More about FAFCE work for a better work-life balance in Europe:

C) Child poverty: 

The European Parliament calls for awareness that the “lack of accessible, quality, child centred services and support for families increase the risk of child poverty and social exclusion”.  Furtheron, the Parliament observed that “child poverty is a multidimensional phenomenon stemming from household poverty, meaning that low-income and lower-education families, single-parent families – mostly made up of women and their children – large disadvantaged families, families living in disadvantaged regions, families from different ethnic minorities and families with children or parents with disabilities are at greater risk of poverty and social exclusion and have a higher probability of intergenerational transmission of poverty”.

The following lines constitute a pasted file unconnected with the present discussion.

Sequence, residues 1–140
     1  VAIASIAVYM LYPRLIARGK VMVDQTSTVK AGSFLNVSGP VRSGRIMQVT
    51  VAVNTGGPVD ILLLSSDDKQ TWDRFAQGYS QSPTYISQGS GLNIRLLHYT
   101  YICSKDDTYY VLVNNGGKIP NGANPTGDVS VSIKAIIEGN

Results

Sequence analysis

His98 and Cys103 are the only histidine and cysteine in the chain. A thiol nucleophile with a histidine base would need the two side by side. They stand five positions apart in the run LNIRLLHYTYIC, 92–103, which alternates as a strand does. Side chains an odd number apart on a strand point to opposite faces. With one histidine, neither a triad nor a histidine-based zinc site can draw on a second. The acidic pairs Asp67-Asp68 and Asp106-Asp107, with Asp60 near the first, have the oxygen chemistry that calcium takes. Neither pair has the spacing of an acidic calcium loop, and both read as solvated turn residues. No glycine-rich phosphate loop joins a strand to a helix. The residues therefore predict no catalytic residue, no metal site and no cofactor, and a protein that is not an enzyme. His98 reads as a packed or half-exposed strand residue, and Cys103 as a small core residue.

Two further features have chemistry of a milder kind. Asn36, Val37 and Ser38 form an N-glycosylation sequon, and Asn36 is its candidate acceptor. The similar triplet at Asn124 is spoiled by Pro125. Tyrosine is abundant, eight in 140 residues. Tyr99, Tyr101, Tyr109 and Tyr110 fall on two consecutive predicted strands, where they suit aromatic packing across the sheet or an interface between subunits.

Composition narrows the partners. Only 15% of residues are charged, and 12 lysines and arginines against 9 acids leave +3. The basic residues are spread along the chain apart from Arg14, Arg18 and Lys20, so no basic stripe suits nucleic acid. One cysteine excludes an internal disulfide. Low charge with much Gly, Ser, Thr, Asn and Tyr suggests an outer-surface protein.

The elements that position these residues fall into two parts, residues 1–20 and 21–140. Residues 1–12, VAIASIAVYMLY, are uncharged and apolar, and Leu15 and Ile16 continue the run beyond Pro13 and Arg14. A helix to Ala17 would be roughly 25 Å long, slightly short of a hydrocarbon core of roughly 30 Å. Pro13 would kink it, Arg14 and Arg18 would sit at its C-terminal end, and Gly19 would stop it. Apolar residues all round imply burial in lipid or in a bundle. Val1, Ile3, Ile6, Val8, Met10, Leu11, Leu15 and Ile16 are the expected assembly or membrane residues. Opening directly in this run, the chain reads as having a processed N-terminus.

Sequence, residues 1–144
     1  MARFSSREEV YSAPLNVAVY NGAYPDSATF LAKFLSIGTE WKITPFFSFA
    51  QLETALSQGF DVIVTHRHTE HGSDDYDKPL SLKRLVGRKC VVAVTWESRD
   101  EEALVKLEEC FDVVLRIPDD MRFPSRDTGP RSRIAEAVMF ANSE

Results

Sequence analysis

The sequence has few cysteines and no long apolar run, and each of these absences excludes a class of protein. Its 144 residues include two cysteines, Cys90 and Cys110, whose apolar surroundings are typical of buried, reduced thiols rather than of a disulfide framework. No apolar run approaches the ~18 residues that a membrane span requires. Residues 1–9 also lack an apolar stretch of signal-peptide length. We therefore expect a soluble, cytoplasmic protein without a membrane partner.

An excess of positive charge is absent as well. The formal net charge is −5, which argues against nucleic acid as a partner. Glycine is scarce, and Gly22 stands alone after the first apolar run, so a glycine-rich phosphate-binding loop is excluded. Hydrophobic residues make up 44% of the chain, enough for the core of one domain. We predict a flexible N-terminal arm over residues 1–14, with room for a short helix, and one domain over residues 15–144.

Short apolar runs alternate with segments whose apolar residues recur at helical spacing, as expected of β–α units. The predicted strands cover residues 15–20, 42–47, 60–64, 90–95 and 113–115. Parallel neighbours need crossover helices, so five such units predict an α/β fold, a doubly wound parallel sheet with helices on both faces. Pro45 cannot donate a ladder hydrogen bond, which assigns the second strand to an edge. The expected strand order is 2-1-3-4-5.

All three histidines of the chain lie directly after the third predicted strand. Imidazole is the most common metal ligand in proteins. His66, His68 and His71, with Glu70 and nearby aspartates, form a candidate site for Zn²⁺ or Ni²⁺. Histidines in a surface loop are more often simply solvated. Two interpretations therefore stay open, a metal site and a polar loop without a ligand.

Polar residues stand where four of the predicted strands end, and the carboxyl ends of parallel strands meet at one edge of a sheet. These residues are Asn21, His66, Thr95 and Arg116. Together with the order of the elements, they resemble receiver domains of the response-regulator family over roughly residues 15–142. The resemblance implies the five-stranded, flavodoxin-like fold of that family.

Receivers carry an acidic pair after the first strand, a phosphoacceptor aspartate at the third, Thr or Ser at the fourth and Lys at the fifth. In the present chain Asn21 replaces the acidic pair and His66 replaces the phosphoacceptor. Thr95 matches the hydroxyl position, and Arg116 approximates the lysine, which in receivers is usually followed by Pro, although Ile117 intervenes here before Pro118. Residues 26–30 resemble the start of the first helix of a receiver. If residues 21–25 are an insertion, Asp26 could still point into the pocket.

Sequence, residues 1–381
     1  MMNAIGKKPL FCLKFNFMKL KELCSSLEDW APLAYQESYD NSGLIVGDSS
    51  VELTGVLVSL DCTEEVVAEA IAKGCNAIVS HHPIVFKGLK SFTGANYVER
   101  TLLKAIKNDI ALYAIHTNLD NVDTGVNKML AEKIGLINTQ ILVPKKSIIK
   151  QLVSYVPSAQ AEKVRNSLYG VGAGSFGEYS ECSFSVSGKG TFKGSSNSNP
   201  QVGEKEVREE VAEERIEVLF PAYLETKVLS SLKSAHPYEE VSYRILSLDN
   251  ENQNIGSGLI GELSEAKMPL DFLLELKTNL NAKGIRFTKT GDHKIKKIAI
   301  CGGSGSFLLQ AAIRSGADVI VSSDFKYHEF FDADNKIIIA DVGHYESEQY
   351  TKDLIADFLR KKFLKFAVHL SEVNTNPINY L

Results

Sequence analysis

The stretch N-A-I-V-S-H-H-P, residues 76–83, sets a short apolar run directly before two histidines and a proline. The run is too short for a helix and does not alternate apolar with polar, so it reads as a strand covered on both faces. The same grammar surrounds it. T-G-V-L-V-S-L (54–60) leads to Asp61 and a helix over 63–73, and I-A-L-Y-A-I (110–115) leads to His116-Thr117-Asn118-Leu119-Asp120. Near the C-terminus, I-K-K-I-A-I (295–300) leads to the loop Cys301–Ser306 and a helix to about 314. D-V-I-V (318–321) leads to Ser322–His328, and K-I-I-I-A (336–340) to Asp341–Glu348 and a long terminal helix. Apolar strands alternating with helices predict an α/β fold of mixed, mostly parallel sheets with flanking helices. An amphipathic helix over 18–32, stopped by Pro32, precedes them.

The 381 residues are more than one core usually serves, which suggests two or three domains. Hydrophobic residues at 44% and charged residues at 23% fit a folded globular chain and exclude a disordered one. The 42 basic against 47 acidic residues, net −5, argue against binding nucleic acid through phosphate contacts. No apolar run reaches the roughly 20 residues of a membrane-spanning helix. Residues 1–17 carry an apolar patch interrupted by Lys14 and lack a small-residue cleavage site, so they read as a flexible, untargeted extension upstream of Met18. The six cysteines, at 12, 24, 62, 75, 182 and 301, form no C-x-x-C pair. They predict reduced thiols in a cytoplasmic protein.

As the European Parliament’s resolution makes clear, the fight against child poverty and social exclusion begins with equipping families and recognising their essential role for the society

D) Families and civic society at the heart of social cohesion 

FAFCE welcomes the Parliament call “on the Commission and the Member States to bolster, at every level, mechanisms for ensuring the meaningful, safe and inclusive participation of children, families, carers and civil society organisations in the development, implementation, monitoring and assessment of these policies; stresses the importance of a multi-sectoral approach in which all relevant stakeholders work in partnership to develop an integrated strategy to tackle inequalities in childhood with the provision of child protection and family welfare services, for which structural investments and effective public expenditure, using EU and national funds, are most needed”.